The National System of Political Economy
EVERYWHERE and at all times has the well-being of the nation been in equal proportion to the intelligence, morality, and industry of its citizens; according to these, wealth has accrued or been diminished; but industry and thrift, invention and enterprise, on the part of individuals, have never as yet accomplished aught of importance where they were not sustained by municipal liberty, by suitable public institutions and laws, by the State administration and foreign policy, but above all by the unity and power, of the nation.
History everywhere shows us a powerful process of reciprocal action between the social and the individual powers and conditions. In the Italian and the Hanseatic cities, in Holland and England, in France and America, we find the powers of production, and consequently the wealth of individuals, growing in proportion to the liberties enjoyed, to the degree of perfection of political and social institutions, while these, on the other hand, derive material and stimulus for their further improvement from the increase of the material wealth and of the productive power of individuals. The real rise of the industry and power of England dates only from the days of the actual foundation of England's national freedom, while the industry and power of Venice, of the Hanse Towns, of the Spanish and Portuguese, decayed concurrently with their loss of freedom. However industrious, thrifty, inventive, and intelligent, individual citizens might be, they could not make up for the lack of free institutions. History also teaches that individuals derive the greater part of their productive powers from the social institutions and conditions under which they are placed.
The influence of liberty, intelligence, and enlightenment over the power, and therefore over the productive capacity and wealth of a nation, is exemplified in no respect so clearly as in navigation. Of all industrial pursuits, navigation most demands energy, personal courage, enterprise, and endurance; qualifications that can only flourish in an atmosphere of freedom. In no other calling do ignorance, superstition, and prejudice, indolence, cowardice, effeminacy, and weakness produce such disastrous consequences; nowhere else is a sense of self-reliance so indispensable. Hence history cannot point to a single example of an enslaved people taking a prominent part in navigation. The Hindoos, the Chinese, and the Japanese have ever strictly confined their efforts to canal and river navigation and the coasting trade. In ancient Egypt maritime navigation was held in abhorrence, probably because priests and rulers dreaded lest by means of it the spirit of freedom and independence should be encouraged. The freest and most enlightened states of ancient Greece were also the most powerful at sea; their naval power ceased with their freedom, and however much history may narrate of the victories of the kings of Macedonia on land, she is silent as to their victories at sea.
When were the Romans powerful at sea, and when is nothing more heard of their fleets? When did Italy lay down the law in the Mediterranean, and since when has her very coasting trade fallen into the hands of foreigners? Upon the Spanish navy the Inquisition had passed sentence of death long ere the English and the Dutch fleets had executed the decree. With the coming into power of the mercantile oligarchies in the Hanse Towns, power and the spirit of enterprise took leave of the Hanseatic League.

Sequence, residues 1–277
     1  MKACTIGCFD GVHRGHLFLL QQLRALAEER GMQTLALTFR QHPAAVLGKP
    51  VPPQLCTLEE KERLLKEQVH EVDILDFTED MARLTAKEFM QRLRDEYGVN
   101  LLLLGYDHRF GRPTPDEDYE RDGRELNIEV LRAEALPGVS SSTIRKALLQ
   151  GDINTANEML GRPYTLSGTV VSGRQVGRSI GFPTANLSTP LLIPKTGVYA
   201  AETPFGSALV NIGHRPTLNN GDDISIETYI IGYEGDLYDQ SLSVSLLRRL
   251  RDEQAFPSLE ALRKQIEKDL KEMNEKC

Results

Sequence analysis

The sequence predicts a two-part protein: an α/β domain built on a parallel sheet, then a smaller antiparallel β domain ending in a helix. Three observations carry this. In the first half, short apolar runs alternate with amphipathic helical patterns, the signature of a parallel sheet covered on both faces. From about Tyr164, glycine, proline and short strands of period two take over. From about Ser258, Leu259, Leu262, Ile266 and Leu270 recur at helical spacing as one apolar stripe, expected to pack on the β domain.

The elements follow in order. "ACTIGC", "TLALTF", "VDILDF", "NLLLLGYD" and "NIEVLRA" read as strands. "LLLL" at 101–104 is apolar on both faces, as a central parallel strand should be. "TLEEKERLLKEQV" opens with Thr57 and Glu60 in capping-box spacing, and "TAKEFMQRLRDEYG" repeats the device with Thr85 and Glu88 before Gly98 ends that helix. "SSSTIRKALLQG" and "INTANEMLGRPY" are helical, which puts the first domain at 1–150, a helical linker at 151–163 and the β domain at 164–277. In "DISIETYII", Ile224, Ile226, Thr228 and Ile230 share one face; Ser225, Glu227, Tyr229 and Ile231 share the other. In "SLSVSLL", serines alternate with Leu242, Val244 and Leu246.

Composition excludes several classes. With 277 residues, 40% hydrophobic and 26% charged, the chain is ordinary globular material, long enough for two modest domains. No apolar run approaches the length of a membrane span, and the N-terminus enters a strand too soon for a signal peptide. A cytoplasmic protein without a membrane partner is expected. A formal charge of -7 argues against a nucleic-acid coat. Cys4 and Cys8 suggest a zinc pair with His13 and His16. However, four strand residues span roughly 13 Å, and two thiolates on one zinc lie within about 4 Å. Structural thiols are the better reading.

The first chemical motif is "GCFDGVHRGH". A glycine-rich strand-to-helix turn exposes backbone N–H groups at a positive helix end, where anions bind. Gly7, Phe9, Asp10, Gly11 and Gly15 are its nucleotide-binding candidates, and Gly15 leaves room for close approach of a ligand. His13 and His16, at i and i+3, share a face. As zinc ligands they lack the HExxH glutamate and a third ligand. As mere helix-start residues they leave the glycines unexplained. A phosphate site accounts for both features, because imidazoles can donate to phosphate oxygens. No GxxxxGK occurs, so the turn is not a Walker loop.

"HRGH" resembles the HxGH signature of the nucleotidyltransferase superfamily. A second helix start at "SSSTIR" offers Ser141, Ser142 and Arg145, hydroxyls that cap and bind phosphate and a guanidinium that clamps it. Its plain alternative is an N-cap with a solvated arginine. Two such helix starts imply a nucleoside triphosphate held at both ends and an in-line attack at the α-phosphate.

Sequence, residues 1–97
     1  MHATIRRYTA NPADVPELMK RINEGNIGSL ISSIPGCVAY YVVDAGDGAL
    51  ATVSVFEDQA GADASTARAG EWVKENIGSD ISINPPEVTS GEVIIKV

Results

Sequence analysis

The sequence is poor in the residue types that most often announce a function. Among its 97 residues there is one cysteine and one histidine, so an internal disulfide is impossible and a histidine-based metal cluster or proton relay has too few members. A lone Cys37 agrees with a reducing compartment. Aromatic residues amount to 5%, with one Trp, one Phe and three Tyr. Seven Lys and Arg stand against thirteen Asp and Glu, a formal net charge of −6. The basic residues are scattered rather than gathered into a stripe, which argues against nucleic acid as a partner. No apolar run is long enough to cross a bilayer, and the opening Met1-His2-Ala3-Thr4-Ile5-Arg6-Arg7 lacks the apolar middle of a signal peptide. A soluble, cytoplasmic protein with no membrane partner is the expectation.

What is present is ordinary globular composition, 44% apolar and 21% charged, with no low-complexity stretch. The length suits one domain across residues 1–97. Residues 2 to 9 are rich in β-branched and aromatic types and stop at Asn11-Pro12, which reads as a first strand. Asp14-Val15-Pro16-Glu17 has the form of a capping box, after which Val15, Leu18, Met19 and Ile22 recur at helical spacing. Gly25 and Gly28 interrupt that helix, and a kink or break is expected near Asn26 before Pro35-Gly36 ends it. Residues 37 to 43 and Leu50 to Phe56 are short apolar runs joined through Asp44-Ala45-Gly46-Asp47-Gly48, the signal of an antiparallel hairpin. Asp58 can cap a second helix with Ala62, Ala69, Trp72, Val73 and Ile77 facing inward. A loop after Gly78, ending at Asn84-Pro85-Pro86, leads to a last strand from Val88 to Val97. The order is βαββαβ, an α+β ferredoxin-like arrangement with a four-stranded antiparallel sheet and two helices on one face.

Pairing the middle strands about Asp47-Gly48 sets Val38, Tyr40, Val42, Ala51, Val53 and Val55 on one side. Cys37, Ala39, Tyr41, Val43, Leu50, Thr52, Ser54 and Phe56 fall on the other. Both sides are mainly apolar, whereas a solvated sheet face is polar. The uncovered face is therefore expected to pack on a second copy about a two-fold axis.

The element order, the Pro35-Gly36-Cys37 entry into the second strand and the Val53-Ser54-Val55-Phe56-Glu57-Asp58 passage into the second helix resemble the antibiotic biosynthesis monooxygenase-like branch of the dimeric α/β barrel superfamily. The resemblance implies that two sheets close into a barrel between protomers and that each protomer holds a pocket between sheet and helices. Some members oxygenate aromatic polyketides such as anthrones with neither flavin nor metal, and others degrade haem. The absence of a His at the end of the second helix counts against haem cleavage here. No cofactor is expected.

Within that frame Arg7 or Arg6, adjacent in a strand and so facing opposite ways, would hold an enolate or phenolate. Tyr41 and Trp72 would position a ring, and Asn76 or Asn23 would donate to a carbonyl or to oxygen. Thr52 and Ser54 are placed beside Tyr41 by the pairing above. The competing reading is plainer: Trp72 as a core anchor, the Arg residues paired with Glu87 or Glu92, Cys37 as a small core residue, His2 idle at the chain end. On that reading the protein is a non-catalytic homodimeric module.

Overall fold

Of the Spanish Netherlands only the maritime provinces achieved their freedom, whereas those held in subjection by the Inquisition had even to submit to the closing of their rivers. The English fleet, victorious over the Dutch in the Channel, now took possession of the dominion of the seas, which the spirit of freedom had assigned to England long before; and yet Holland, down to our own days, has retained a large proportion of her mercantile marine, whereas that of the Spaniards and the Portuguese is almost annihilated. In vain were the efforts of a great individual minister now and then under the despotic kings of France to create a fleet, for it invariably went again to ruin.
But how is it that at the present day we witness the growing strength of French navigation and naval power? Hardly had the independence of the United States of North America come to life, when we find the Americans contending with renown against the giant fleets of the mother country. But what is the position of the Central and South American nations? So long as their flags wave not over every sea, but little dependence can be placed upon the effectiveness of their republican forms of government. Contrast these with Texas, a territory that has scarcely attained to political life, and yet already claims its share in the realm of Neptune.
But navigation is merely one part of the industrial power of a nation—a part which can flourish and attain to importance only in conjunction with all the other complementary parts. Everywhere and at all times we see navigation, inland and foreign trade, and even agriculture itself, flourish only where manufactures have reached a high state of prosperity. But if freedom be an indispensable condition for the prosperity of navigation, how much more must it be so for the prosperity of the manufacturing power, for the growth of the entire producing power of a nation? History contains no record of a rich, commercial, and industrial community that was not at the same time in the enjoyment of freedom.
Manufactures everywhere first brought into operation improved means of transport, improved river navigation, improved highways, steam navigation and railways, which constitute the fundamental elements of improved systems of agriculture and of civilisation.